- Illiquidity in volatile markets – As we saw during the most recent financial crisis of 2007-2008, liquidity dried-up in many alternative asset classes. Investors in these asset classes who wished to liquidate their positions found that there was no counterparty willing to take the other side of their trade during this period of high volatility in global markets. Also, bid-ask spreads for all but the most highly-liquid securities widened considerably, further adding to the cost of trading and illiquidity, particularly in the more “exotic” or “alternative” asset classes.
- The diversification benefits of these asset classes tend to vanish in times of market stress – This scenario is what we refer to as the “illusion of diversification.” Many of these asset classes are touted for their diversifying effect within a portfolio. However, in times of extreme market stress, when diversification is needed the most, these various asset classes tend to become highly correlated to the broader equity market.
The chart below elaborates on this issue of diversification, or lack thereof, for these non-traditional asset classes during 2008, when the only asset classes that exhibited an inverse correlation to equities were high grade bonds and cash.
We point to this most recent example of extreme market volatility that occurred in 2008-2009 as a testament to the use of more traditional asset classes, namely individual equity securities and high grade bonds, over that of a “diversified” portfolio containing some allocation to many of the various asset classes listed in the chart. The more traditional portfolio containing high grade equities and bonds has exhibited a greater degree of diversification (or non-correlation) and generally higher long-term investment returns coupled with a lower cost of implementation. We believe this disparity between these two approaches will continue to persist over time.
The table below, taken from a recent Eaton Vance report,4 Product and Portfolio Strategy Group, Eaton Vance, “Monthly Market Monitor”, July 2016 contains the historical returns for several different asset classes from 2006 -2015. Each colored box represents a unique asset class, while the light blue box titled “Asset Allocation” represents a portfolio invested in several different asset classes ranging from large cap domestic equities to commodities and leveraged loans.55 The Asset Allocation portfolio assumes the following weights: 25% S&P 500 Index, 15% MSCI EAFE Index, 5% MSCI Emerging MarketsIndex, 10% Russell 2000 Index, 25% Barclays Capital US Aggregate Bond Index, 5% Barclays Municipal Bond Index, 5% Barclays US Corporate High Yield Index, 5% S&P 500/LSTA Leveraged Loan Index, 5% Bloomberg Commodity Index.
We can compare the historical performance and volatility of the Asset Allocation portfolio from the table on page 6 to more traditional “Balanced” (50% equity/50% fixed income) or “Growth” (75% equity/25% fixed income) portfolios containing large cap equities and investment grade municipal bonds (represented by the S&P 500 Index and Barclays Municipal Bond Index, respectively). Over this ten-year time period, the traditional portfolios containing only equities and municipal bonds outperformed the Asset Allocation portfolio by 1.2% per year with a 25% reduction in annual volatility in the case of the “Balanced” portfolio, and by 1.8% per year with a similar level of annual volatility in the case of the “Growth” portfolio.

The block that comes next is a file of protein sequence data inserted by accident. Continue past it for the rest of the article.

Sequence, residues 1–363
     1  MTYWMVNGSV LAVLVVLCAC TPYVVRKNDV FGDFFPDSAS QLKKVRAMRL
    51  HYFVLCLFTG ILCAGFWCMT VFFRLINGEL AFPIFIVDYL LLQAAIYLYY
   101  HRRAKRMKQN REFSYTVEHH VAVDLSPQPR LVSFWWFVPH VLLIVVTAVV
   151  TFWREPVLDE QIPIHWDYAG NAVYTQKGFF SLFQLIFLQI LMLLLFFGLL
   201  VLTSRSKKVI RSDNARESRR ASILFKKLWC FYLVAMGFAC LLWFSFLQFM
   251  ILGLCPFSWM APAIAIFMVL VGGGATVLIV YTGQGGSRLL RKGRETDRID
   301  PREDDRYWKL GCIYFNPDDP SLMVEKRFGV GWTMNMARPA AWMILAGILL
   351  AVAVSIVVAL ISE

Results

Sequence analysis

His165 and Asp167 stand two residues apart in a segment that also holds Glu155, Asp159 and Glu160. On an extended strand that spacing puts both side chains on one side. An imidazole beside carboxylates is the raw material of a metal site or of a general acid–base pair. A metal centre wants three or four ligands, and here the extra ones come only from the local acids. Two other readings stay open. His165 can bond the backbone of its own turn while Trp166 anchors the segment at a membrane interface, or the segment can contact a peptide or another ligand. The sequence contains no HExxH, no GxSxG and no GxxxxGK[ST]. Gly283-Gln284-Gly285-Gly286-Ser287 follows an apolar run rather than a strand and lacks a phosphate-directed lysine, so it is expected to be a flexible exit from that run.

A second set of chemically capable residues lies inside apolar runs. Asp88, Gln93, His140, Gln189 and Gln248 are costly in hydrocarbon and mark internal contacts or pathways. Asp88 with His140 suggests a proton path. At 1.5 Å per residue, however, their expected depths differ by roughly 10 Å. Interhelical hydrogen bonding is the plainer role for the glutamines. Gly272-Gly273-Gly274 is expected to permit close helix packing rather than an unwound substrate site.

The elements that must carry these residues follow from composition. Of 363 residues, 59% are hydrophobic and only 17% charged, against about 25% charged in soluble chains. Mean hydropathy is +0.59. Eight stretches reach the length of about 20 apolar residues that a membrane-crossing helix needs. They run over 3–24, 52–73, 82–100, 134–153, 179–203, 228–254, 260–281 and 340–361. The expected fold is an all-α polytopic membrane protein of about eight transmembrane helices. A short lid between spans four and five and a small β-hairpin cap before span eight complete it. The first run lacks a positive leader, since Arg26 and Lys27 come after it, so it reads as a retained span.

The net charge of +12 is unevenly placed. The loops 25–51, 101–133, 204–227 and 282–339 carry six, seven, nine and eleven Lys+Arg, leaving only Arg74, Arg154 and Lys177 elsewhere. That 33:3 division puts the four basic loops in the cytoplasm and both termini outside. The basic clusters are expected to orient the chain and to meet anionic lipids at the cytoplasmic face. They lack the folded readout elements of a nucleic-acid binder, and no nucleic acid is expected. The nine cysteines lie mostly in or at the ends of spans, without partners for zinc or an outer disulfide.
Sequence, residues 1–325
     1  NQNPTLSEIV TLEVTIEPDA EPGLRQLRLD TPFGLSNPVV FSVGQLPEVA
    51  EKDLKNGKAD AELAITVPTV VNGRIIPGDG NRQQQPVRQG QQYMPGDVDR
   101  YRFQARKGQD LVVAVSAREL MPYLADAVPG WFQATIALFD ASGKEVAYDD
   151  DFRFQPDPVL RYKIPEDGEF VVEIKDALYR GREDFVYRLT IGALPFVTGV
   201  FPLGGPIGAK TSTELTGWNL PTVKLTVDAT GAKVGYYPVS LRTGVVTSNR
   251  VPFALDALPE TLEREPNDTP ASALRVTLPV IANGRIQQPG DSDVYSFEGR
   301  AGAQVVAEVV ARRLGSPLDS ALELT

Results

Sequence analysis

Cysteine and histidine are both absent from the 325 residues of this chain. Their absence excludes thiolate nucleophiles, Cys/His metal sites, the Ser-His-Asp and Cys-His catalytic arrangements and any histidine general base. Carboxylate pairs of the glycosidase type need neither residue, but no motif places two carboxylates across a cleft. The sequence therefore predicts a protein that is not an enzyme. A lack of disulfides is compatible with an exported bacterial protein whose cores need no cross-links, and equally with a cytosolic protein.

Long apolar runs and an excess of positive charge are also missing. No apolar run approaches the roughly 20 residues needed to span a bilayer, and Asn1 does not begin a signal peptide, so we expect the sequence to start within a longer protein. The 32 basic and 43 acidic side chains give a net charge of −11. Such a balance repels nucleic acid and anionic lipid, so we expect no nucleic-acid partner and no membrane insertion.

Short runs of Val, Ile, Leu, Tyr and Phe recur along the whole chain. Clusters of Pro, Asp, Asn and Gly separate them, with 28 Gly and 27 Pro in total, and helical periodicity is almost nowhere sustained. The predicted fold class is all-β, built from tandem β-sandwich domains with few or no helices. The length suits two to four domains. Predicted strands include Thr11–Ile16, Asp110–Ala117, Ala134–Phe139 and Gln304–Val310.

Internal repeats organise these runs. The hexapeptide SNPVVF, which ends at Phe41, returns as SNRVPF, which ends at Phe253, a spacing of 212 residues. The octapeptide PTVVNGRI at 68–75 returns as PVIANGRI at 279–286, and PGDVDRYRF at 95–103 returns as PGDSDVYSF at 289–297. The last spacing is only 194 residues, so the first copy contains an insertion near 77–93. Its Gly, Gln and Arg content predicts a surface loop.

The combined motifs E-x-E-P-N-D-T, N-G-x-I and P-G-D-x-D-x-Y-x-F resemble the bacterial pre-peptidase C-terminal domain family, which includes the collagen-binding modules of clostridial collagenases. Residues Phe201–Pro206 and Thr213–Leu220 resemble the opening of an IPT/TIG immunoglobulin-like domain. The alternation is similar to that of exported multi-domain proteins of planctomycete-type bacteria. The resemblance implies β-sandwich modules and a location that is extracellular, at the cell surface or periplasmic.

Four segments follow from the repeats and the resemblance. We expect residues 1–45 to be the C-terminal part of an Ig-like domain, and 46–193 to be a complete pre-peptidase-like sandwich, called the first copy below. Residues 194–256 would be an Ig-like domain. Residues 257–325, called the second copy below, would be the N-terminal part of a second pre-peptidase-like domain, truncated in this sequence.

At Houston Trust Company, we are able to successfully construct actively managed portfolios consisting of high grade equities and bonds for our clients. We do so generally at a fraction of the cost of portfolios containing more complex asset allocations, which often contain “alternative” asset classes such as leveraged loans and hedge fund strategies. In practice, we have found the results from these charts above to hold true: a diversified portfolio containing high grade equities and bonds generally offers a greater degree of downside protection during periods of high market volatility. Such a portfolio also has excellent long-term returns when compared to other portfolio strategies, including those with a large number of non-traditional asset classes.
Portfolio Management and Construction
Our approach and investment philosophy favors the use of individual equity securities and bonds as a result of the inherent transparency, low cost, and control over the timing of gains and portfolio turnover. As we have described in our Viewpoints #2, the use of individual equities is of particular importance for portfolios that contain concentrated or low basis positions (where the tax ramifications of liquidating these holdings are often extreme). In this case, individual equity securities can be purchased in order to construct a diversified portfolio around the particular concentration, as opposed to buying a diversified mutual fund and/or ETF, whereby the investor may be adding to the existing concentration if the security/sector is represented in the mutual fund/ETF.
At Houston Trust Company, we have established long-standing relationships with some of the most well-respected third party investment management firms in Texas who tend to adhere to and share our philosophy of low cost, low turnover, and diversified ownership of high quality equity securities. We also incorporate the use of low cost, passively managed (index) mutual funds for our clients in certain situations where it makes sense in the context of the overall goals and objectives of the portfolio.
In summary, we believe there are many paths to investment success. As we have detailed in this issue, we evaluate these different paths through several fundamental guidelines that align with our overall investment philosophy. We believe equity ownership, provided at a low cost, is the only long term vehicle to grow purchasing power over time. In times of extreme market stress, most asset classes become highly correlated to equities, and we favor the use of a bond and cash allocation to mitigate, or dampen, the overall volatility of the portfolio. Houston Trust Company employs a low cost approach to constructing a customized ladder of high grade bonds for our clients in this regard. We also believe that a combination of both actively managed individual equity securities and passively managed (index) exposure is a prudent approach that works over time. For every client, our approach is the same: we spend the time to understand the objectives and goals of the portfolio, and we allow our investment philosophy to guide our investment decisions in a prudent, cost efficient, and consistent manner over long periods of time.